Long gone are the days of a handful of firms controlling the marketing world. With the advances of technology and the introduction of digital, the advertising game has changed drastically since its 1960s hey day.
For small businesses, many rely on their own abilities and the abilities of their staff for in-house advertising and marketing needs. But for most emergent companies, a partnership with an agency, consultancy or outsourcing work is an unavoidable step in the growth process.
The trouble with digital marketing is that it covers a huge number of areas and it’s not as simple as sending copy to the printers or approving artwork for an advert. Done well, it can make an incredible difference to your business but it’s becoming increasingly difficult to tell who can do a good job. Just because someone is great at design does not mean they excel at web development and a web developer can’t necessarily make your website rank on Google.
Below are two tips to help you sift through what is an increasingly complicated industry, where more and more people claim to be ‘experts’.
1) Do they practice what they preach?
- Does their website or social channels reflect the same polish and detailed consideration that you would want on your own web design or digital project? If they can’t deliver best-practice for themselves, don’t assume that they can deliver it for you.
- With so many online marketing specialisms it’s not uncommon for agencies to outsource or hire freelancers but this can lead to problems if expectations aren’t managed. You should know who you’re paying for & if they have worked collaboratively before to avoid surprises. It also helps to speak to the third party if possible to ensure everyone is on the same page. All too often promises are made that can’t be kept when the person executing them isn’t present initially.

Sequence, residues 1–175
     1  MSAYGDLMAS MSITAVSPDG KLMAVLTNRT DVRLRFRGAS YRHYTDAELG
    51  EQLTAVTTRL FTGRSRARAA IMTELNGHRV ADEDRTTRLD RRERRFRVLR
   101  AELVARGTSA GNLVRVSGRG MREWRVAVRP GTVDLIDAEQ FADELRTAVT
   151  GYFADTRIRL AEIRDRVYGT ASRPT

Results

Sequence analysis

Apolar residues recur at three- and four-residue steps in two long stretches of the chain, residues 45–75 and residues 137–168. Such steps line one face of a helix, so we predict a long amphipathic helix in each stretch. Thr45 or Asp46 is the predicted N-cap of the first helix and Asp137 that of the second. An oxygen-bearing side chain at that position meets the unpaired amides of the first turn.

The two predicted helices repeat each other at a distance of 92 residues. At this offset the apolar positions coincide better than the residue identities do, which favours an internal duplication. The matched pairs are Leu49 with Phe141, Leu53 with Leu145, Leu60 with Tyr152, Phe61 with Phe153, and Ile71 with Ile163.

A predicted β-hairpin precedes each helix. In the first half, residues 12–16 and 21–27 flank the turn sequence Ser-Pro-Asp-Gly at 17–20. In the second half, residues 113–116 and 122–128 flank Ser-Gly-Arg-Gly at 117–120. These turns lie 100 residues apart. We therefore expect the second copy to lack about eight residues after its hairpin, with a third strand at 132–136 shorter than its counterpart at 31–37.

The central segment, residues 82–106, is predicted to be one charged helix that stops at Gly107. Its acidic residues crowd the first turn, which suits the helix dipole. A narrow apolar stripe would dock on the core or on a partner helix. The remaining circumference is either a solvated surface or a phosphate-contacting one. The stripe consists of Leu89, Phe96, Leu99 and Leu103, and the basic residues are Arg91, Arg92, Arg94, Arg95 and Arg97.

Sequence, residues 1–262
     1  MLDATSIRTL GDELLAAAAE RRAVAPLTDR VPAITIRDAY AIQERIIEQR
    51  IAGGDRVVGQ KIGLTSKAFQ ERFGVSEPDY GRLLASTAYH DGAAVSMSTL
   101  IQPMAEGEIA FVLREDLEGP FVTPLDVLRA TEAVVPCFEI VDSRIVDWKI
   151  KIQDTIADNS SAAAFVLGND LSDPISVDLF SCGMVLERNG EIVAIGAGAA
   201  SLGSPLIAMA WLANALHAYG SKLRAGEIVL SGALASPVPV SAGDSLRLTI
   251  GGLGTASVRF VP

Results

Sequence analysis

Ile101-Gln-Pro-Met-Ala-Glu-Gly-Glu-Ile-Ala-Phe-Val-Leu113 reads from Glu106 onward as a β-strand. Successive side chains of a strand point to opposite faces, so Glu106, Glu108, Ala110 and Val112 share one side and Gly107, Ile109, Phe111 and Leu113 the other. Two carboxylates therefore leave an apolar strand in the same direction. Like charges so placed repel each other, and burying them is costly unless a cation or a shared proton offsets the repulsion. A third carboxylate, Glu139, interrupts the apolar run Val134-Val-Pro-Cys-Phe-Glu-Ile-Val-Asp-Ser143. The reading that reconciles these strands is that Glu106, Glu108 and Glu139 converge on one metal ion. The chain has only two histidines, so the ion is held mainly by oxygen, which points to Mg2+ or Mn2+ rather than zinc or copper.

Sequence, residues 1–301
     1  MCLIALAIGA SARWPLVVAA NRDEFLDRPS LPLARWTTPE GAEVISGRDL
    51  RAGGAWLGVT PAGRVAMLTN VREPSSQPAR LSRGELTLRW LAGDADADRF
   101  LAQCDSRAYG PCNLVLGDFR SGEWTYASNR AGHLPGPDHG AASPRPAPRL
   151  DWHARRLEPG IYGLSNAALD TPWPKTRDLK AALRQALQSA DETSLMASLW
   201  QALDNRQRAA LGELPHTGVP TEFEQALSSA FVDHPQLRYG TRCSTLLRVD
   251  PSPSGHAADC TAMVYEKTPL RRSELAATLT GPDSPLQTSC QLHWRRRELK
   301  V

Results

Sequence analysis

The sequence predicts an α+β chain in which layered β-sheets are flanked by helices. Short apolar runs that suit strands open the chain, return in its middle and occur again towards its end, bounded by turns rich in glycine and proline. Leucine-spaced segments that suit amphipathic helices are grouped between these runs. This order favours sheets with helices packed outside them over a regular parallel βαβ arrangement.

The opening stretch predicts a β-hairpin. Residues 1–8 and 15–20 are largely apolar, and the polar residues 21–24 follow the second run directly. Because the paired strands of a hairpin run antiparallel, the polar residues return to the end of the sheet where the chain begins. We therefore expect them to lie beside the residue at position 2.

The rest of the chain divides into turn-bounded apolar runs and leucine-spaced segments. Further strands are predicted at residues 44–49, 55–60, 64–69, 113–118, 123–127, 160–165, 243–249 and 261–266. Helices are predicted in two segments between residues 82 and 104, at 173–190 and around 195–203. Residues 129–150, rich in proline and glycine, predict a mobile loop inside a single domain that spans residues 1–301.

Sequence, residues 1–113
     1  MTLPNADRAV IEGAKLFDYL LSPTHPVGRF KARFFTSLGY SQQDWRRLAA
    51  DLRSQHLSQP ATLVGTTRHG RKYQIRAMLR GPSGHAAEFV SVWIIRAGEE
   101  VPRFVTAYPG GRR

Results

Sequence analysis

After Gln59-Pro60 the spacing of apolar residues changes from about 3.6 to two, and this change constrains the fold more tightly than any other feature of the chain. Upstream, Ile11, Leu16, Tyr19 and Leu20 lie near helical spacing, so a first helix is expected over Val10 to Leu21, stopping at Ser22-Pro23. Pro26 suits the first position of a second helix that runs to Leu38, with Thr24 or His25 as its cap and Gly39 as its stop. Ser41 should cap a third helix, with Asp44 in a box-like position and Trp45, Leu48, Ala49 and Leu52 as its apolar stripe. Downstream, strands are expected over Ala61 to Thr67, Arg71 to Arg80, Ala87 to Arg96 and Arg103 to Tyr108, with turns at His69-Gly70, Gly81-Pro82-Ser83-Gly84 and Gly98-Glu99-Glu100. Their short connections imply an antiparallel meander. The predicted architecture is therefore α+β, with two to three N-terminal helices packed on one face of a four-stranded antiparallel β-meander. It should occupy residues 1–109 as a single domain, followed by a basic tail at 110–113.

- Succeeding in digital means having an appreciation for the visual and the technical. Does their website look AND function the way you would want yours to? Sometimes a site looks nice but isn’t fit for purpose or vice versa, working well but not that easy on the eye.
Overall, rationale should be relatively straightforward if explained well but the media industry loves to babble on with buzzwords & theories that can seem a little farfetched to the average marketing manager. Call people out if you’re not familiar with a term and don’t be afraid to judge an expert on their own assets.
2) Ask to see a case study
- You can track nearly everything online so there should be lots of information. You don’t necessarily want pages of data but vague outcomes aren’t useful (e.g. ‘it went from strength to strength’) Regardless of the type of work, be it web design, advertising, search marketing or social media there should be quantitative results. It can be argued that for branding these numbers aren’t as necessary but beware those who don’t measure at all.
- Check their reporting style; would you prefer more detail less often or topline updates each week – are they explaining rationale clearly and recommending improvements along the way? If challenged, do they listen and adjust or change their minds completely? These are all tells of who is fobbing you off and who genuinely wants the best for your business.
As simple as these points are – it’s amazing how many people overlook them and how many ‘experts’ can’t deliver.
Once you have a shortlist, ask to see an initial proposal based on a ballpark budget. Even if it’s relatively small sum, it’s better to be realistic from the start. This will give you an opportunity to meet the team and see if they are the right fit for you, as well as compare their approaches & costs. While one may be better at creative & design, they may not have had experience with SEO – or someone great at SEO may not understand the intricacies of social media marketing; it’s about getting the right fit for your needs.
Hopefully this has helped some of those businesses who aren’t sure where to turn. if you want to chat to us about any of the topics discussed drop us an email.